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Marine Science Center Expansion FAQ

Marine Science Center Expansion FAQ

Northeastern University’s Marine Science Center in Nahant, Massachusetts has been a hub for groundbreaking research and discovery for over 50 years. World-class researchers in the fields of marine and environmental science and coastal sustainability are studying the oceans and developing engineering solutions to create a sustainable and resilient planet. In order to enhance the impact of this critically important work, Northeastern is planning to expand the research and teaching capacity of its Marine Science Center.

There has been significant confusion around the planned expansion. Here, we provide answers to the most frequently asked questions. This is the first in a series.

Why is Northeastern seeking to expand its Marine Science Center at Nahant?

Over the last 50 years, our researchers in Nahant have conducted groundbreaking work in the fields of marine and environmental science and coastal sustainability. This important work continues to have positive impacts on coastal regions around the world.

Today, the threats posed to coastal communities, including storm surge and sea-level rise, demand that Northeastern enhance its capacity to develop scientific knowledge and engineering solutions for a sustainable planet, and to educate the next generation of innovators that can continue this critically important work. To do that effectively, we must expand the research and teaching capacity of the Marine Science Center.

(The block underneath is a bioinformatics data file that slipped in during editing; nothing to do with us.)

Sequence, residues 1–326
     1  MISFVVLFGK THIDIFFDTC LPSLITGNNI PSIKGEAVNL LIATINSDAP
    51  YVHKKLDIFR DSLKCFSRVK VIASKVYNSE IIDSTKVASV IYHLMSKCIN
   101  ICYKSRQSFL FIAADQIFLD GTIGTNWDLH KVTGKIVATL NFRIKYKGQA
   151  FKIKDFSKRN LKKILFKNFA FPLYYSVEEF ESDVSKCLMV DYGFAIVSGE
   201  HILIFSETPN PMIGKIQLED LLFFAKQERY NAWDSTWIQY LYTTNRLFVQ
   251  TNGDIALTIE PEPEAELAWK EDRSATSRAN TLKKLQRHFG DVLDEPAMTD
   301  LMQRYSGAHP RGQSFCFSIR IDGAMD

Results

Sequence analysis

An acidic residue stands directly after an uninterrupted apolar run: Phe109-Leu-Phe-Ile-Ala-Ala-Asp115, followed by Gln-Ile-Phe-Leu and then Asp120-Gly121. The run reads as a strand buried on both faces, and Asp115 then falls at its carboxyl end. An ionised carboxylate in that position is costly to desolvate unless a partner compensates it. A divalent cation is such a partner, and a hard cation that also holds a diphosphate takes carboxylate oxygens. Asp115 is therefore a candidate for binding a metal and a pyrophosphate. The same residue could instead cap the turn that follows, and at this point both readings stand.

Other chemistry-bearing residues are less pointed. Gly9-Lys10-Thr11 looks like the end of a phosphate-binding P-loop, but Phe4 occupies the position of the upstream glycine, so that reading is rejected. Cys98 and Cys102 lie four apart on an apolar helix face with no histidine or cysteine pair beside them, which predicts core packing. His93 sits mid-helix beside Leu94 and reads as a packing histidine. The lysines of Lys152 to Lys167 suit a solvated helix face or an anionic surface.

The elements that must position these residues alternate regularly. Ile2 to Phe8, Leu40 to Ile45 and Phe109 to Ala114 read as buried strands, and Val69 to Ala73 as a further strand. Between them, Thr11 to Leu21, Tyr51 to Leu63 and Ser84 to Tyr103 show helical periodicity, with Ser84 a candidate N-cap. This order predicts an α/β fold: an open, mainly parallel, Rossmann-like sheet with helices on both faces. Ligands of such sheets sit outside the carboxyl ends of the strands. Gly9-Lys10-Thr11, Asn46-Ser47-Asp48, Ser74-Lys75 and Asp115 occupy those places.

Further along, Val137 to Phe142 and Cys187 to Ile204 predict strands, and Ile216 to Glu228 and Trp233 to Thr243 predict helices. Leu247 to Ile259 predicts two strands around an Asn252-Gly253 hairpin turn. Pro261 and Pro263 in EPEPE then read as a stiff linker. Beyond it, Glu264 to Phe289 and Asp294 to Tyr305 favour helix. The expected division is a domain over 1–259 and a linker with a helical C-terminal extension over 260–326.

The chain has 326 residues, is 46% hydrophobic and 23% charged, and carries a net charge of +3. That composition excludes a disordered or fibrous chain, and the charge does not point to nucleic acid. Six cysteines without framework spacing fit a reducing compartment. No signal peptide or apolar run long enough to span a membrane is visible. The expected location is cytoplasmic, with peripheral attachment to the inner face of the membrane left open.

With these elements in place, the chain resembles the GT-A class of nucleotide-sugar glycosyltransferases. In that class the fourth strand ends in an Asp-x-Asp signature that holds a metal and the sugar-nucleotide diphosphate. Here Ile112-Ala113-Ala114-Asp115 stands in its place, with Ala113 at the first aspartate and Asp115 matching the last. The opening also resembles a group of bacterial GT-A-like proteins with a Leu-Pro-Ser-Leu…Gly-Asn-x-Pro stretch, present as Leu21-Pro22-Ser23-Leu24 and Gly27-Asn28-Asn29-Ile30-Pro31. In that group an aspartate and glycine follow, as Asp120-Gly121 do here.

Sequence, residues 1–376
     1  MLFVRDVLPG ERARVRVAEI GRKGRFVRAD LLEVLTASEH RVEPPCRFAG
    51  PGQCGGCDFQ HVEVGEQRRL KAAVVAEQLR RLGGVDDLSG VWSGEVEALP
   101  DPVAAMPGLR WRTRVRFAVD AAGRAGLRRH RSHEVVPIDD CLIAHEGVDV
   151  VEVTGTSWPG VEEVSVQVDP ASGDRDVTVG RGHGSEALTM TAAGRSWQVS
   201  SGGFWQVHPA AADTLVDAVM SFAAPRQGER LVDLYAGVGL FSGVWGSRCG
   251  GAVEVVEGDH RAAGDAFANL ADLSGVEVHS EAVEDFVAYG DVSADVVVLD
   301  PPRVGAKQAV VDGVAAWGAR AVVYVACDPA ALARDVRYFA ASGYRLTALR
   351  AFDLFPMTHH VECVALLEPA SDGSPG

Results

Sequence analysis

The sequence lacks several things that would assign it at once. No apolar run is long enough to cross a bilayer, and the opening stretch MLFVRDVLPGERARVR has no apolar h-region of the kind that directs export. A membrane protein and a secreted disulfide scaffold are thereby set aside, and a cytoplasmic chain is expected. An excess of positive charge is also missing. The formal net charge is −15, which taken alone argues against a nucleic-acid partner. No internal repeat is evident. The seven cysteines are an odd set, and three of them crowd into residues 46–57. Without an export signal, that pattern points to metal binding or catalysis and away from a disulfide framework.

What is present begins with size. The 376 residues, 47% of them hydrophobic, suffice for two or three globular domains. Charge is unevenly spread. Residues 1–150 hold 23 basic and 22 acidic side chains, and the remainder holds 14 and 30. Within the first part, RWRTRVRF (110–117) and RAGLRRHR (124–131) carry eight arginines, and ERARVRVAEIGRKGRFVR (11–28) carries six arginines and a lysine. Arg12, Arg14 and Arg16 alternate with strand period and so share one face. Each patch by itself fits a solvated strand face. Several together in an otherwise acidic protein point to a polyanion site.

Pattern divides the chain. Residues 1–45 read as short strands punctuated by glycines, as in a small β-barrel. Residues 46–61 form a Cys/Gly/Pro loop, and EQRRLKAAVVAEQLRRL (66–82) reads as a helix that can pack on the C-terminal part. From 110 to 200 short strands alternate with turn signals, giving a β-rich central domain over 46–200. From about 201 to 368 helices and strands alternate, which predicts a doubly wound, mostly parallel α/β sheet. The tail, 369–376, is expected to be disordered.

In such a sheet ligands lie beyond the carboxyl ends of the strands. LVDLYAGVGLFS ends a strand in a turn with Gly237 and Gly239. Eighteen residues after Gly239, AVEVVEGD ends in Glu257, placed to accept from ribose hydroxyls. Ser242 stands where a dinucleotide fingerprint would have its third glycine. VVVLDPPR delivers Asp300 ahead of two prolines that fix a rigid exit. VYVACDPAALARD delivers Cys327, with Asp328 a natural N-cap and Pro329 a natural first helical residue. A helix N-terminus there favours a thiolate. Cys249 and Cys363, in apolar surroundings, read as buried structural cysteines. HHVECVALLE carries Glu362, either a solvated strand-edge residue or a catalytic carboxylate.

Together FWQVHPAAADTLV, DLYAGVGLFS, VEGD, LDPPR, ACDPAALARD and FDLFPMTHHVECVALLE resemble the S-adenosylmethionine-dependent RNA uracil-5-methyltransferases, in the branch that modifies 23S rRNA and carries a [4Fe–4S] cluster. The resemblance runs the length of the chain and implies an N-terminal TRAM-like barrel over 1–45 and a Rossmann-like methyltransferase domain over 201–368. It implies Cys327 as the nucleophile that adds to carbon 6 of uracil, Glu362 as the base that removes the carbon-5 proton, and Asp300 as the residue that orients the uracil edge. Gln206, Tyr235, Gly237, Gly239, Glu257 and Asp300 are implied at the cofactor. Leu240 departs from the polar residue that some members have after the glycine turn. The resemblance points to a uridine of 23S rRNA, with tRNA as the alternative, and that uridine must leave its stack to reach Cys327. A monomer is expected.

What is the purpose of the expansion?

It is entirely focused on adding research and teaching space—precisely the same activities that we’ve been engaged in since we opened the Marine Science Center in 1967. Because our mission and its impact are so important to society, we plan to continue recruiting outstanding new faculty in a variety of fields, including climate-change mitigation and coastal sustainability.

How will that affect the number of Northeastern personnel in Nahant?

Currently, there are 20 faculty, 20 staff, and 11 postdoctoral scientists working at the Nahant campus. In addition, 45 to 60 undergraduate and graduate students commute two to three days per week via shuttle bus from the Boston campus for classes and research. The proposed expansion is projected to increase the daily onsite population to 40 faculty, 25 staff, and 22 postdoctoral scientists.

How will the increase in the number of scientists and staff affect the parking situation?

Any additional parking will be kept within the confines of the current campus. There will be no need for our faculty and staff to park on the street.

Does the project include dorms?

No, we are not considering housing of any kind.

How large will the proposed building be?

There has been significant confusion about the size and scope of what is being proposed. The preliminary design—for a two-story building plus a basement level—would expand the footprint of the existing research facility by 15,000 square feet and the total amount of research space by 60,000 square feet. By pushing the building into the hill and against the existing bunker, we effectively hide as much of the building as possible. This design is the direct result of our commitment to keeping the building’s profile low, while still enabling the critical research of the Marine Science Center.